An unprecedented gathering of more than 300 Native writers was held in Norman, Oklahoma, in 1992. The Returning the Gift Festival brought more Native writers together in one place than at any other time in history. "Returning the Gift," observes co-organizer Joseph Bruchac, "both demonstrated and validated our literature and our devotion to it, not just to the public, but to ourselves." In compiling this volume, Bruchac invited every writer who attended the festival to submit new, unpublished work; he then selected the best of the more than 200 submissions to create a collection that includes established writers like Duane Niatum, Simon Ortiz, Lance Henson, Elizabeth Woody, Linda Hogan, and Jeanette Armstrong, and also introduces such lesser-known or new voices as Tracy Bonneau, Jeanetta Calhoun, Kim Blaeser, and Chris Fleet.
The anthology includes works from every corner of the continent, representing a wide range of tribal affiliations, languages, and cultures. By taking their peoples' literature back to them in the form of stories and songs, these writers see themselves as returning the gift of storytelling, culture, and continuance to the source from which it came. In addition to contributions by 92 writers are two introductory chapters: Joseph Bruchac comments on the current state of Native literature and the significance of the festival, and Geary Hobson traces the evolution of the event itself.
In recent criticism, Samuel Beckett's prose has been increasingly described as a labor of refusal: not only of what traditionally has made possible narrative and the novel but also of the major conventional suppositions concerning the primacy of consciousness, subjectivity, and expression for the artistic act. Beginning from the premise that Beckett never betrays his belief in "the impossibility to express," Saying I No More explores the Beckettian refusal. Katz posits that the expression of voicelessness in Beckett is not silence, that the negativity and negation so evident in the great writer's work are not simply affirmed, but that the valorization of abnegation, emptiness, impotence, or the "no" can all too easily become itself an affirmation of power or an inverted imposition of force.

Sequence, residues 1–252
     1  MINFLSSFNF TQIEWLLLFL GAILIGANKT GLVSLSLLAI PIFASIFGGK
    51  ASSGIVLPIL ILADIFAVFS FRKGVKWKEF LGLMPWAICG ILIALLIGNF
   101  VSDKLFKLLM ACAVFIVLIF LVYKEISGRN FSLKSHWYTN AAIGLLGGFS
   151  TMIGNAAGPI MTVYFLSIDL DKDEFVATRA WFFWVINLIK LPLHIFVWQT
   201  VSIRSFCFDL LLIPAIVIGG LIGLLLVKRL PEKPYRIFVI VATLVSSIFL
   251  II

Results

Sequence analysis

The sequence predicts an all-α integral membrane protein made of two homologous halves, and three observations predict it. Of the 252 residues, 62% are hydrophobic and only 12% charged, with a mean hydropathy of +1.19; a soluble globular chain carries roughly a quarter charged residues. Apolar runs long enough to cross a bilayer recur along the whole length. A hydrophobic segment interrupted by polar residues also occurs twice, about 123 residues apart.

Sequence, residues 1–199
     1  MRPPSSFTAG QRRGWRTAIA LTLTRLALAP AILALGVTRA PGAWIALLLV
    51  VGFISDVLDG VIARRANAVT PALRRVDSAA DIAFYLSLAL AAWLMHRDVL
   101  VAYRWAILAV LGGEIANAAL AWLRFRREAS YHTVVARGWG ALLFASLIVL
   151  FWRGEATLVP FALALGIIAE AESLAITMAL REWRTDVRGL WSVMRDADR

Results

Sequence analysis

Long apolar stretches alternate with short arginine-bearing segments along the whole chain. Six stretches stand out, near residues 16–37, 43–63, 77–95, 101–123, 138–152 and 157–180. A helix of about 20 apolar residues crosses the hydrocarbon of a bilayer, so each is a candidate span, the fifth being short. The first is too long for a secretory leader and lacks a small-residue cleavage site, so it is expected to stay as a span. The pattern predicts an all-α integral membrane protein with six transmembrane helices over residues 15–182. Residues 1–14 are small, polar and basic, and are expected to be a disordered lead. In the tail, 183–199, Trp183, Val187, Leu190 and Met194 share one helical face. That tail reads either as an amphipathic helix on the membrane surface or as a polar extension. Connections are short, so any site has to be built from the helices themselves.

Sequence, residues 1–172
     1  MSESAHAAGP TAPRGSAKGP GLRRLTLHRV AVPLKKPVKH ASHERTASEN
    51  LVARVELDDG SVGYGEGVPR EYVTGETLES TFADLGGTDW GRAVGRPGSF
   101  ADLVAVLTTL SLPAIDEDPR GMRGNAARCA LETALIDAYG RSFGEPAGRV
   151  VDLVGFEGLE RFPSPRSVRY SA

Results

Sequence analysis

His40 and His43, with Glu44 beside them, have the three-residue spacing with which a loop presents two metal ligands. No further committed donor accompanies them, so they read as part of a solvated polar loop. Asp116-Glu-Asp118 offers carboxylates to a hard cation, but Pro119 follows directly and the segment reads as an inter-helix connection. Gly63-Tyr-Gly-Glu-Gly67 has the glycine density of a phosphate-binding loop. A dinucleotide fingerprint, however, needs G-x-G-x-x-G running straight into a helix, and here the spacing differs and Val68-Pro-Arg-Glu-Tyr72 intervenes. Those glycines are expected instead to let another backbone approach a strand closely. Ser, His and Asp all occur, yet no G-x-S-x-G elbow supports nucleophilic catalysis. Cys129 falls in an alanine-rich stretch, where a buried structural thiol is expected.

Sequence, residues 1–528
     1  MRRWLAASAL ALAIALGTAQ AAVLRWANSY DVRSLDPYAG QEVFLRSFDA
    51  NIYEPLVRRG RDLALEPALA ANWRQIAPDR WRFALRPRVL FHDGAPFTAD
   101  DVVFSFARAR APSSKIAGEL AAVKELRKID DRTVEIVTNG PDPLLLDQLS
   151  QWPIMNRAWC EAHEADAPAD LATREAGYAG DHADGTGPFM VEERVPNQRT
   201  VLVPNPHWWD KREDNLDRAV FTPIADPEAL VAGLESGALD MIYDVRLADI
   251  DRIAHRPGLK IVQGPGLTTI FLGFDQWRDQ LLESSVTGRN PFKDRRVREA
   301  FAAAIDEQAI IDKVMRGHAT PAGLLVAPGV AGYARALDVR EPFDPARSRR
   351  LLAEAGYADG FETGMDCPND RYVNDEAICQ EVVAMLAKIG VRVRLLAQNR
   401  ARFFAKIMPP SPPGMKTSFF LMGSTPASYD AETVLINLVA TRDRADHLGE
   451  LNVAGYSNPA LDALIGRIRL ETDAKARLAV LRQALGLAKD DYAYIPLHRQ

Chiara Matraini (1515–1604?) was a member of the great flowering of poetic imitators and innovators in the Italian literary heritage begun by Petrarch, cultivated later by the lyric poet Pietro Bembo, and supplanted by the epic poet Torquato Tasso. Though without formal training, Matraini excelled in a number of literary genres popular at the time—poetry, religious meditation, discourse, and dialogue. In her midlife, she published a collection of erotic love poetry, but later in life her work shifted toward a search for spiritual salvation. Near the end of her life, she published a new poetry retrospective.
Mostly available in only a handful of rare book collections, her writings are now adeptly translated here for an English-speaking audience and situated historically in an introduction by noted Matraini expert Giovanna Rabitti. Selected Poetry and Prose allows the poet to finally take her place as one of the seminal authors of the Renaissance, next to her contemporaries Vittoria Colonna and Laura Battiferra, also published in the Other Voice series.
Andrea Zanzotto is widely considered Italy’s most influential living poet. The first comprehensive collection in thirty years to translate this master European poet for an English-speaking audience, The Selected Poetry and Prose of Andrea Zanzotto includes the very best poems from fourteen of his major books of verse and a selection of thirteen essays that helps illuminate themes in his poetry as well as elucidate key theoretical underpinnings of his thought. Assembled with the collaboration of Zanzotto himself and featuring a critical introduction, thorough annotations, and a generous selection of photographs and art, this volume brings an Italian master to vivid life for American readers.
“Now, in [this book], American readers can get a just sense of [Zanzotto’s] true range and extraordinary originality.”—Eric Ormsby, New York Sun